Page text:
Sunday, February 28, 2010

Peru Day 19: Everything hurts and Lucilla to the rescue

OK, today was no joke. We awoke to cold misty rain and warm water to wash. Breakfast was delicious -- porridge, pancakes with (yay!) Manjar, coffee and Milo. And then we set out.

After the first hour downhill to the bridge over a raging river, the rest of the day WAS ENTIRELY UPHILL. And I'm not talking about the highest grade on the treadmill. I'm talking about twice that steep at least half the time. Ugh. My body is not cut out for that.

After the first two hours of this (in the rain), we encountered a man (in sandals) bringing his horse down from our lunch spot -- a climb I was anticipating would take me at least another 3 hours. We hired him and his horse for 30 soles (about $10) and I rode on the back of Lucilla, my savior, for the next 1.5 hours, to our lunch.

And amazingly, Mike and our guides kept up (for the most part) with the horse. I can't believe how slow I am. The horse even beat the porters.

I completely underestimated how affected I was by being wet. When we started the climb earlier in the day, I removed everything on top except for my sports tank. It was soaked through by the time we met Lucilla and I got very cold very quickly when I wasn't expelling any energy.

When we arrived at our lunch spot, another small cluster of homes where the locals welcome us, our porters and cook went to work cooking for us. Mike and I huddled by a small fire in one of the homes and I fell asleep with head on his lap. I awoke to a lot of squeeking and looked around to see at least 10 guinea pigs scurrying around the house. I have two things to say about that: These cute little squeekers were not pets and I'm glad they weren't on our lunch menu.

I still had on my wet clothes and woke up shivering. While we were sitting at the lunch table with our guides I finally realized what the problem was so I peeled off everything wet, put on some dry clothes and finally started to warm up.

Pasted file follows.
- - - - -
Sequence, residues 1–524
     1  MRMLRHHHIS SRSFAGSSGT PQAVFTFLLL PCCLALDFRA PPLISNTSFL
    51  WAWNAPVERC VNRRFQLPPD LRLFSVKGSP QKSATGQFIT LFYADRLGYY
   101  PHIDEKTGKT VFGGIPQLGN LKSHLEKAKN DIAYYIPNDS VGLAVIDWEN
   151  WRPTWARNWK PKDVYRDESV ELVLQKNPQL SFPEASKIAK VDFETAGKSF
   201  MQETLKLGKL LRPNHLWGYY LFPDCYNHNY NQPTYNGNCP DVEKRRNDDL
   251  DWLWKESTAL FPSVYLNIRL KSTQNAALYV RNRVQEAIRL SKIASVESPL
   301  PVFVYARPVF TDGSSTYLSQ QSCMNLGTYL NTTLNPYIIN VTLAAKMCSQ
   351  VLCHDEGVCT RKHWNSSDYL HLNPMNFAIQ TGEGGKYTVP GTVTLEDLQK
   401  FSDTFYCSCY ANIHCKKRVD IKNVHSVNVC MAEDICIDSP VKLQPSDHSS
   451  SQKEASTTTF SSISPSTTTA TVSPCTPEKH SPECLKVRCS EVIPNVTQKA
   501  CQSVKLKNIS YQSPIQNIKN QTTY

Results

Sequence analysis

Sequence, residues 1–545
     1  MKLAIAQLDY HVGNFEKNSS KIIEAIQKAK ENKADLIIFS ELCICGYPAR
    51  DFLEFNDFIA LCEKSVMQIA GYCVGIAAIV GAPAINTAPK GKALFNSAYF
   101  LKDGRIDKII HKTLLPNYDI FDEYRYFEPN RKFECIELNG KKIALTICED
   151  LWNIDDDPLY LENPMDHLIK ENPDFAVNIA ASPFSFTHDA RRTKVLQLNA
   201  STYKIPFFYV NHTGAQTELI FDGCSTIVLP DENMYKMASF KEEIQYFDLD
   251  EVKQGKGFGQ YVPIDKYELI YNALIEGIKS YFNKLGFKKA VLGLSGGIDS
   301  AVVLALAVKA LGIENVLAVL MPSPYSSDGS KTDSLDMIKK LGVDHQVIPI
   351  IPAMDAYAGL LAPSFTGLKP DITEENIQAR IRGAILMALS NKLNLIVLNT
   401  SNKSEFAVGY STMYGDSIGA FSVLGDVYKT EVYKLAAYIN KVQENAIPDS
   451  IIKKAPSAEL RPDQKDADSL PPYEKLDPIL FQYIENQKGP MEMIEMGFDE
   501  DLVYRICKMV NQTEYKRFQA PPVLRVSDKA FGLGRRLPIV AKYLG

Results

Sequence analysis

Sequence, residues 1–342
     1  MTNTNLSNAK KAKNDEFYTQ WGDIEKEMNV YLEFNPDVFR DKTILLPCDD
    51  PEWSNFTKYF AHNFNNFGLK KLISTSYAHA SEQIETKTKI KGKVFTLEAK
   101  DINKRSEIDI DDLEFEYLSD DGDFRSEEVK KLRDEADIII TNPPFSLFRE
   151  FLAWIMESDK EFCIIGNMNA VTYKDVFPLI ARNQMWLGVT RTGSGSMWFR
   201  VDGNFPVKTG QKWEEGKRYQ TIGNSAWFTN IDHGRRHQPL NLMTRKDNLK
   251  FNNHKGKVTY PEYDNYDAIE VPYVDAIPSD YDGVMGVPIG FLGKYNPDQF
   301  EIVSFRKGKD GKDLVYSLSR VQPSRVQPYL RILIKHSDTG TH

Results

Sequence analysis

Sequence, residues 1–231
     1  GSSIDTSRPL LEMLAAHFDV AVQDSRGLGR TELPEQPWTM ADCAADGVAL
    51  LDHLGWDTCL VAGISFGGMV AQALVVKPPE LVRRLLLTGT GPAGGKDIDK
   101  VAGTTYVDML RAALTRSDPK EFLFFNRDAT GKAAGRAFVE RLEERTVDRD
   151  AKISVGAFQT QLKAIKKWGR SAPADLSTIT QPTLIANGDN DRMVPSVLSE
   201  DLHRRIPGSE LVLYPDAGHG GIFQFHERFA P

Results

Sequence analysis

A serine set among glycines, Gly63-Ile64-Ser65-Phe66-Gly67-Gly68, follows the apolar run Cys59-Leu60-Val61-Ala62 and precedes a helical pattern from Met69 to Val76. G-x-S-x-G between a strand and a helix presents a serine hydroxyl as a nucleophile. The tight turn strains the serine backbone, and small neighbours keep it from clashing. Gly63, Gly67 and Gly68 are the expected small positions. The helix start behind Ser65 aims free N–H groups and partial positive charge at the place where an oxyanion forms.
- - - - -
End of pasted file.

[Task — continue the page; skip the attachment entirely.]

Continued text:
Lunch was amazing again. Middle eastern rice, beef, potatoes, cream of asparagus soup. Before the meal I shared the pictures I took of Peru before the trek with Raul and Diego, (who share every meal with us) and then we dove into the food. Siesta was not really an option today since the weather was colder and wetter, but we chilled for a bit before heading out for the final push.

The last two hours of the day were a combination of up and downhill. Still incredibly steep, still exhausting. I am clearly NOT a trekker.

I haven't really spent any time talking about the scenery. That's because it's beyond anything I've ever experienced in my life. We are thousands of feet high -- in the clouds most of the time -- and on these tiny paths that hug the Andes. I am in the Andes. It's unbelievable and pictures and words don't do any of this justice (but I'll still post some when I get home).

Our camp for the night was extremely picturesque. We were essentially on an overhang in the clouds -- extremely high up but still snuggled between a cluster of mountains. Choquequirao was another 50 meters above us and we would visit the site in the morning. Happy hour was popcorn and wonton-wrapped cheese (hard to explain but delicious). Dinner was chicken, beet salad and other good stuff (chocolate pudding for dessert!)

We crashed soon after -- another good night's sleep in our cozy tent.

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